Your college degree program may require you to do a stint in an actual lab for the summer in order to complete your education. Not only will this be a major step in applying what you have learned in school it is also your chance to gain some real-world experience.
Here are several ways to find a summer job as a lab technician:
- Look at your school bulletin board. Labs may post work opportunities in campuses. List down important details and contact information. You can also visit your school's work placement office and ask for assistance with your summer job search. Find out their requirements for interns and see if your background is adequate enough to qualify.
- Search online for a list of laboratories in your vicinity. You can also use the yellow pages to form a list and gather contact details. Visit their official websites and look for work opportunities. You can call them and ask for the personnel-in-charge of human resources. Write a letter to all of them and address them to the personnel-in-charge.
- Visit labs directly. You can directly ask lab personnel for work opportunities while getting first-hand observation of the facilities and the employees. Introduce yourself as a summer job-seeker and ask questions about work, which includes the usual activities, the equipment and the management.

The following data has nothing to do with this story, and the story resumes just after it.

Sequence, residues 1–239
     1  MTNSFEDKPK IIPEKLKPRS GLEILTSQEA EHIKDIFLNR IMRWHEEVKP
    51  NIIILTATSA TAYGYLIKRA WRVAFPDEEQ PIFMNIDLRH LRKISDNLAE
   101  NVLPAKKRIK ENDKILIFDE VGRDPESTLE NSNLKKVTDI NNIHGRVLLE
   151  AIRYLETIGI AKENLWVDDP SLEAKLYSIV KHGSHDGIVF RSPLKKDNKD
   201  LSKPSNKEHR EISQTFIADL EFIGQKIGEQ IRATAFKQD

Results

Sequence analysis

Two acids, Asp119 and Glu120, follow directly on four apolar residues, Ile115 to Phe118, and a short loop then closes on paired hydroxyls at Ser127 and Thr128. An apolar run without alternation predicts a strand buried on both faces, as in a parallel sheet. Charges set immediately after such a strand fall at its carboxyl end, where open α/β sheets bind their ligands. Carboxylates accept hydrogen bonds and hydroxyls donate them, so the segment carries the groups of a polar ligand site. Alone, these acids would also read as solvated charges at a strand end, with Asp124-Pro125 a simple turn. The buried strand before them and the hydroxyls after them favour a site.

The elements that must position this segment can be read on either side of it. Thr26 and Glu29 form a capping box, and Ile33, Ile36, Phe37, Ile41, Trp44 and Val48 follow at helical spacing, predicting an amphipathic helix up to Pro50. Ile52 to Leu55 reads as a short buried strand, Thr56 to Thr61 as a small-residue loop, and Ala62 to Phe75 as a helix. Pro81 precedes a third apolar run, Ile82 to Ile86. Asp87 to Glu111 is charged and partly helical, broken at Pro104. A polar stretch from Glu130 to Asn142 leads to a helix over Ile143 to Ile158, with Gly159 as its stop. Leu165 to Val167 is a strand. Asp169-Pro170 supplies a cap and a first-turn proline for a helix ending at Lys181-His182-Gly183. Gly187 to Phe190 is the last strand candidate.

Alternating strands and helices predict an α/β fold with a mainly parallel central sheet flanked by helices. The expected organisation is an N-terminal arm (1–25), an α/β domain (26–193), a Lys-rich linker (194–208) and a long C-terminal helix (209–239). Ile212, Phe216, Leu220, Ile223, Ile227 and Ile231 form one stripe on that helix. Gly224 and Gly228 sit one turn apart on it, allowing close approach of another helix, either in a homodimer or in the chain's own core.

- Ask for help in your social network. Your immediate connection with a wide variety of people can greatly aid in your search. Post your job need and monitor your account for responses. Not only will people directly connected with labs inform you of opportunities, but those who see job wanted signs as they pass by labs on their way to school or work can give you leads as well.
- Ask for opportunities among your friends and family. You may have a relative who is connected to a lab staff member. Ask around if they can help get you a summer job. Beware, however, that some labs have employment policies that places a ban on hiring employee relatives up to the third degree of consanguinity.
- Ask for help from a faculty member. Professors usually have ties to various labs in the area, either from former students or as part of their research. If you're close to a faculty member, ask him for tips to get a summer job. He will also serve as an academic reference. Your grades better be good, though, or your professor will be too unimpressed to recommend you.
- Partner up with a classmate or two. Some of your classmates have relatives who work in labs and can get them work in them. These labs may need more than one intern, and a friend would rather recommend you than a stranger. Not only will this ease your search for work, but will also create a team who can back each other up when needed.
Don't forget to network during your time as a temporary lab technician. Your summer co-workers can easily be future job references with a simple thank-you note and holiday greeting cards.